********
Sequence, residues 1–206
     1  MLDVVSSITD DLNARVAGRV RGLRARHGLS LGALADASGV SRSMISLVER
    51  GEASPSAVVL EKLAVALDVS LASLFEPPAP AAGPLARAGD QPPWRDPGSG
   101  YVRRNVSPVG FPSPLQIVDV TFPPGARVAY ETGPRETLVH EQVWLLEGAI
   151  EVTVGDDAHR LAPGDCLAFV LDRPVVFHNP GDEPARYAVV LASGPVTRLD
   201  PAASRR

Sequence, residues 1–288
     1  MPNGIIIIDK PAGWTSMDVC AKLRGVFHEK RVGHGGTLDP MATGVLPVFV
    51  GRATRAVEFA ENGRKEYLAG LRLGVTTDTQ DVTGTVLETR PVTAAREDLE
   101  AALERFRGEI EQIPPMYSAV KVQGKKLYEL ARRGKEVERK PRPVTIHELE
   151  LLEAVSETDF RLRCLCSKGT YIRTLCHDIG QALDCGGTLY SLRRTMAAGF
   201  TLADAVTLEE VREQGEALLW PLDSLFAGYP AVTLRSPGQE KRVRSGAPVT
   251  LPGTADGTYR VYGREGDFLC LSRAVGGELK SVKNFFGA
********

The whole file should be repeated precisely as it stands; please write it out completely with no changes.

Sequence, residues 1–206
     1  MLDVVSSITD DLNARVAGRV RGLRARHGLS LGALADASGV SRSMISLVER
    51  GEASPSAVVL EKLAVALDVS LASLFEPPAP AAGPLARAGD QPPWRDPGSG
   101  YVRRNVSPVG FPSPLQIVDV TFPPGARVAY ETGPRETLVH EQVWLLEGAI
   151  EVTVGDDAHR LAPGDCLAFV LDRPVVFHNP GDEPARYAVV LASGPVTRLD
   201  PAASRR

Sequence, residues 1–288
     1  MPNGIIIIDK PAGWTSMDVC AKLRGVFHEK RVGHGGTLDP MATGVLPVFV
    51  GRATRAVEFA ENGRKEYLAG LRLGVTTDTQ DVTGTVLETR PVTAAREDLE
   101  AALERFRGEI EQIPPMYSAV KVQGKKLYEL ARRGKEVERK PRPVTIHELE
   151  LLEAVSETDF RLRCLCSKGT YIRTLCHDIG QALDCGGTLY SLRRTMAAGF
   201  TLADAVTLEE VREQGEALLW PLDSLFAGYP AVTLRSPGQE KRVRSGAPVT
   251  LPGTADGTYR VYGREGDFLC LSRAVGGELK SVKNFFGA